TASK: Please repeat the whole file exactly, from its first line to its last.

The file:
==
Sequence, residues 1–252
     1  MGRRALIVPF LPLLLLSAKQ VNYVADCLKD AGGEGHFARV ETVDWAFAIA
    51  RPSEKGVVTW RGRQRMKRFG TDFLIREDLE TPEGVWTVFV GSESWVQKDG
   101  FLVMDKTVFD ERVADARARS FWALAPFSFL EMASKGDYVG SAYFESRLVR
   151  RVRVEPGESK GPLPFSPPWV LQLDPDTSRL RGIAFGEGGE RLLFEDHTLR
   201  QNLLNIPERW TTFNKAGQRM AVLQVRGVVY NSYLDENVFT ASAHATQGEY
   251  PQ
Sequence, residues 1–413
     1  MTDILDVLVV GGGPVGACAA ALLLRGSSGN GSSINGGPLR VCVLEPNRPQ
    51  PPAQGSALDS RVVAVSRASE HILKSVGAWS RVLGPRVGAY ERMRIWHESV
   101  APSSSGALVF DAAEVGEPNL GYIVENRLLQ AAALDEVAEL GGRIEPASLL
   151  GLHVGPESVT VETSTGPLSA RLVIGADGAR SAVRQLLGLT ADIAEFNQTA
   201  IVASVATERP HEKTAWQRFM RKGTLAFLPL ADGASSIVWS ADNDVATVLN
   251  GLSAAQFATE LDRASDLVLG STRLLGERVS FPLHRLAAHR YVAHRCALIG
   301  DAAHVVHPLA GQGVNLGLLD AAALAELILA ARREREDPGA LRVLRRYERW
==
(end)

Sequence, residues 1–252
     1  MGRRALIVPF LPLLLLSAKQ VNYVADCLKD AGGEGHFARV ETVDWAFAIA
    51  RPSEKGVVTW RGRQRMKRFG TDFLIREDLE TPEGVWTVFV GSESWVQKDG
   101  FLVMDKTVFD ERVADARARS FWALAPFSFL EMASKGDYVG SAYFESRLVR
   151  RVRVEPGESK GPLPFSPPWV LQLDPDTSRL RGIAFGEGGE RLLFEDHTLR
   201  QNLLNIPERW TTFNKAGQRM AVLQVRGVVY NSYLDENVFT ASAHATQGEY
   251  PQ
Sequence, residues 1–413
     1  MTDILDVLVV GGGPVGACAA ALLLRGSSGN GSSINGGPLR VCVLEPNRPQ
    51  PPAQGSALDS RVVAVSRASE HILKSVGAWS RVLGPRVGAY ERMRIWHESV
   101  APSSSGALVF DAAEVGEPNL GYIVENRLLQ AAALDEVAEL GGRIEPASLL
   151  GLHVGPESVT VETSTGPLSA RLVIGADGAR SAVRQLLGLT ADIAEFNQTA
   201  IVASVATERP HEKTAWQRFM RKGTLAFLPL ADGASSIVWS ADNDVATVLN
   251  GLSAAQFATE LDRASDLVLG STRLLGERVS FPLHRLAAHR YVAHRCALIG
   301  DAAHVVHPLA GQGVNLGLLD AAALAELILA ARREREDPGA LRVLRRYERW